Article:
The Winter Garden native — and No. 1 golfer for his age — lit up the course at the PGA Jr. League regional.
The golfing season is a seemingly never-ending one — just ask Winter Garden golf phenom Shawn Coultoff.
Last weekend, Shawn traveled to Palm Beach Gardens as a member of the Marriott Golf Academy All-Stars, who were competing in the PGA Jr. League regional.
“We destroyed at local, and then at sectional we won both matches,” the 12-year-old said. “I was feeling — and most of the team was the same — confident about getting through (the regional).”
The PGA Jr. League is the golf equivalent of Little League Baseball. Young golfers compete throughout a regular season, and the best of the best are chosen to All-Star teams.
One of the best golfers in the world for his age, Shawn was named to the North Florida Squad that squared off in the four-team, round-robin regional that featured Georgia, Alabama and South Florida. Florida is split into two squads because of the disproportionate talent level and sheer number of players produced by the state.
Unlike tournaments that include multiple rounds of golf, the regional was set up as a “flags competition.” A nine-hole match is divided into three three-hole parts. To win a flag, a team must win the most number of holes per those three different sections.
On the first day of competition — Saturday, Sept. 8 — Shawn and his team dominated Alabama in the morning session, winning 11 flags to Alabama’s one, before going on to tie Georgia at 6-6.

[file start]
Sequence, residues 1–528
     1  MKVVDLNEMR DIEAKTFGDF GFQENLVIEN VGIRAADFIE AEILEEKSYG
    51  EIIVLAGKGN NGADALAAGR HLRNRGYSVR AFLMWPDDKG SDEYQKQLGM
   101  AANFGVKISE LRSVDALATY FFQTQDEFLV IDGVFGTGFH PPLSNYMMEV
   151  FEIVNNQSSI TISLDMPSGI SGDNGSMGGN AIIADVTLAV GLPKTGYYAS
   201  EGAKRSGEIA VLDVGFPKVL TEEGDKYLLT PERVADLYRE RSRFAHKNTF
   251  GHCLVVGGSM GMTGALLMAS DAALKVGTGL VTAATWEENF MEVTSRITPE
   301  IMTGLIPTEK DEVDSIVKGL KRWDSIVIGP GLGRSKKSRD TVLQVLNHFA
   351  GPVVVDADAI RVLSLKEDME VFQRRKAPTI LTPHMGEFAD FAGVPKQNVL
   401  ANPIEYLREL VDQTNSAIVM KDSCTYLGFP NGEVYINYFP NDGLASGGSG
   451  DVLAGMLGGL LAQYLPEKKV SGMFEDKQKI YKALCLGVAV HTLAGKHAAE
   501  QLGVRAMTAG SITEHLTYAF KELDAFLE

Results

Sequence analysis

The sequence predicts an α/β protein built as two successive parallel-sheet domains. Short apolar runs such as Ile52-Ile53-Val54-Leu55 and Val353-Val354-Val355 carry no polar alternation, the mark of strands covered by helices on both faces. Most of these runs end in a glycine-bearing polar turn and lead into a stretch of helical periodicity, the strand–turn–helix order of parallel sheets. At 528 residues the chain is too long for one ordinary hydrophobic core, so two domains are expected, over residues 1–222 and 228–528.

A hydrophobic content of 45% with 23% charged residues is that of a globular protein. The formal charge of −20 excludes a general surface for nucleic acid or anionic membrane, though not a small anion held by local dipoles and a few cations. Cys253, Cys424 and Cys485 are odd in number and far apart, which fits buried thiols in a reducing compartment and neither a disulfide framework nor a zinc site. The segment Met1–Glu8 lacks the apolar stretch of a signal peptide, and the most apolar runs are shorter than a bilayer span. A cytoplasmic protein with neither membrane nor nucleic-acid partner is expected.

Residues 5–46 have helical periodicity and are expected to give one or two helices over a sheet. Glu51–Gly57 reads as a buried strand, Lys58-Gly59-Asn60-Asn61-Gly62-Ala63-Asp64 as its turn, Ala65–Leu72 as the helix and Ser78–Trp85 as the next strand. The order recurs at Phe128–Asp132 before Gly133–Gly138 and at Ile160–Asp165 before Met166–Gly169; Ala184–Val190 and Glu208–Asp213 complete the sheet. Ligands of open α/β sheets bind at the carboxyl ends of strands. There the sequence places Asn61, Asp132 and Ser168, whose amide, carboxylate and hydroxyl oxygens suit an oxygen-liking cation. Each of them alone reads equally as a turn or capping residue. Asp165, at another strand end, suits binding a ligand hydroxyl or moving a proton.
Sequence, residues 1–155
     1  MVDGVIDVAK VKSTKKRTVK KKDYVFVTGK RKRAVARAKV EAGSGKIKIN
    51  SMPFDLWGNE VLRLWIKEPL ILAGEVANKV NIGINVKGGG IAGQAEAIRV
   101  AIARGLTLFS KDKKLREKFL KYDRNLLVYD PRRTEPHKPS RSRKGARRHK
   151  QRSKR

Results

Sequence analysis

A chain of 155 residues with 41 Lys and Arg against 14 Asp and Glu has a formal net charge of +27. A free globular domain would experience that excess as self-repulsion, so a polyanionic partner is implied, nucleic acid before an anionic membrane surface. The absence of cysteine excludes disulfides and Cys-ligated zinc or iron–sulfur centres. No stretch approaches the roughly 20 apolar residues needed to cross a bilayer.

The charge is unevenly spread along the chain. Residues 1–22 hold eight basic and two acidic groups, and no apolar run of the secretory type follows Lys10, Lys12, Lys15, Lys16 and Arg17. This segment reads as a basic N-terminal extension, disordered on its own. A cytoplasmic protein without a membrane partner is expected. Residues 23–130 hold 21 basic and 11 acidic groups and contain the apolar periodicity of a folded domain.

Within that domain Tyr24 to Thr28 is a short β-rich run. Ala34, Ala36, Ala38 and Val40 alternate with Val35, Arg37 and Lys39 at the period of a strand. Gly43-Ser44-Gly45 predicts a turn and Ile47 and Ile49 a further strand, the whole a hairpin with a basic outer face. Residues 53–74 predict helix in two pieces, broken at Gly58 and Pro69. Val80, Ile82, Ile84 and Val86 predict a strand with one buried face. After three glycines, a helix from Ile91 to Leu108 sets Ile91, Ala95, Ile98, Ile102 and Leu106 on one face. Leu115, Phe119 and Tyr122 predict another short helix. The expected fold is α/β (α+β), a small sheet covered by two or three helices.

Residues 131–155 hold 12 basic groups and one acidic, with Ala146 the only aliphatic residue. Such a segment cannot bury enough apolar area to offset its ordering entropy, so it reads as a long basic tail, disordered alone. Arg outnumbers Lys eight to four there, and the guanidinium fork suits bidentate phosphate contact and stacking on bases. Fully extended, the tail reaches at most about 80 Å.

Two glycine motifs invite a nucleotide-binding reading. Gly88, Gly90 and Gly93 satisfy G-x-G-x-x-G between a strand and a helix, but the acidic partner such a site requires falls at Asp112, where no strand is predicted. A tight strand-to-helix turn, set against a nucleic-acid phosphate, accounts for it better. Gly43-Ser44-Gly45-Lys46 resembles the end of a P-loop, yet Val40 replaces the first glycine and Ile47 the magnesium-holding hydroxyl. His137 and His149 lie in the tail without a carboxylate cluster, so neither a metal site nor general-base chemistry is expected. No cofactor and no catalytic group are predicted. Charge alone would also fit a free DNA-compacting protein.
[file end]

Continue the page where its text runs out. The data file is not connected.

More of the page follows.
“It’s good against that team (Georgia) — in fact, the two kids that Shawn played against were two world champions,” said Eric Coultoff, Shawn’s father and a former pro golfer. “You’re talking about nine holes of golf with 10 kids on each side — that’s a lot of golf. It came down to literally one shot — if one shot had gone in or not gone in for either team, the result would be different.”
It was a familiar feeling at the end of Day 1 for Shawn. In last year’s regional tournament, North Florida tied Georgia before Georgia went on to nationals in Arizona.
Another familiarity that popped up for Shawn was adjusting to team play — something that’s pretty alien for most golfers who spend their time playing alone. In that format, each golfer is paired with another. Not only does each golfer have to account for themselves, but also for someone else.
“It’s definitely different than individual competition, but playing on a team, if you hit a bad shot, your partner can always hit a good shot,” Shawn said. “(It’s) knowing that if you or your partner hits a bad shot … you’ll feel pressure or your partner feels a lot of pressure, especially if the other team hit a really good shot.”
The change is a welcome one.
“The bottom line is it gives him an opportunity to play a team sport,” Eric said. “It’s not year-round, but for this time of the year, it is definitely a good change of pace.”
On the second day of the tournament, it once again was déjà vu for Shawn and the North Florida team. North Florida trounced South Florida 9-3, but Georgia had a field day against Alabama in an 11-1 win.
The results meant both North Florida and Georgia finished with a tied record, so they went to the first tiebreaker of head-to-head competition — which was the 6-6 tie on the first day. Therefore, a second tie-breaker — total flags earned — was taken into account, and Georgia claimed the regional title by a single flag.
It was a tough break for Shawn and North Florida, but considering 60,000 kids nationwide entered league play before the field was whittled down to the 480, it’s an impressive accomplishment.
“I hope now he gains confidence from it,” Eric said. “He’s the No. 1 player in the state right now… not very many people can go around in their mind and know that they are exceptional at something.”